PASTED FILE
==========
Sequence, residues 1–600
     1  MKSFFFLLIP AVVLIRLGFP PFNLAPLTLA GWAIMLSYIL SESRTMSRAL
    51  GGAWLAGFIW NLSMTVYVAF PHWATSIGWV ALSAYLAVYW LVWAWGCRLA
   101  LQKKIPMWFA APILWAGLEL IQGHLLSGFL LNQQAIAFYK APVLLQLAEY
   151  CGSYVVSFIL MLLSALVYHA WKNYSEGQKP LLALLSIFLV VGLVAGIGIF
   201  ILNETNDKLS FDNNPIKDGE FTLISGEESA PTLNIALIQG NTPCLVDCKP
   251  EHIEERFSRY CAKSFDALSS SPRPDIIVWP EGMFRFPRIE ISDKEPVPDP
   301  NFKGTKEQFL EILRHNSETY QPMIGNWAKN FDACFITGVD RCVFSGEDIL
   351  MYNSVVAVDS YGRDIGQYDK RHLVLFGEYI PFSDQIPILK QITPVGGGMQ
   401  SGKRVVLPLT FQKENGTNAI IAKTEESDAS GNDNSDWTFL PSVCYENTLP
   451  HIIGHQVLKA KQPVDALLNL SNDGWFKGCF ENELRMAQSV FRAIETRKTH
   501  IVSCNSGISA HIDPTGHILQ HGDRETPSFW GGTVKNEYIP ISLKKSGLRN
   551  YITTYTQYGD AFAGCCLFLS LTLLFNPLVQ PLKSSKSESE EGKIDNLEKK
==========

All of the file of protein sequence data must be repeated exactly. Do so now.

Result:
Sequence, residues 1–600
     1  MKSFFFLLIP AVVLIRLGFP PFNLAPLTLA GWAIMLSYIL SESRTMSRAL
    51  GGAWLAGFIW NLSMTVYVAF PHWATSIGWV ALSAYLAVYW LVWAWGCRLA
   101  LQKKIPMWFA APILWAGLEL IQGHLLSGFL LNQQAIAFYK APVLLQLAEY
   151  CGSYVVSFIL MLLSALVYHA WKNYSEGQKP LLALLSIFLV VGLVAGIGIF
   201  ILNETNDKLS FDNNPIKDGE FTLISGEESA PTLNIALIQG NTPCLVDCKP
   251  EHIEERFSRY CAKSFDALSS SPRPDIIVWP EGMFRFPRIE ISDKEPVPDP
   301  NFKGTKEQFL EILRHNSETY QPMIGNWAKN FDACFITGVD RCVFSGEDIL
   351  MYNSVVAVDS YGRDIGQYDK RHLVLFGEYI PFSDQIPILK QITPVGGGMQ
   401  SGKRVVLPLT FQKENGTNAI IAKTEESDAS GNDNSDWTFL PSVCYENTLP
   451  HIIGHQVLKA KQPVDALLNL SNDGWFKGCF ENELRMAQSV FRAIETRKTH
   501  IVSCNSGISA HIDPTGHILQ HGDRETPSFW GGTVKNEYIP ISLKKSGLRN
   551  YITTYTQYGD AFAGCCLFLS LTLLFNPLVQ PLKSSKSESE EGKIDNLEKK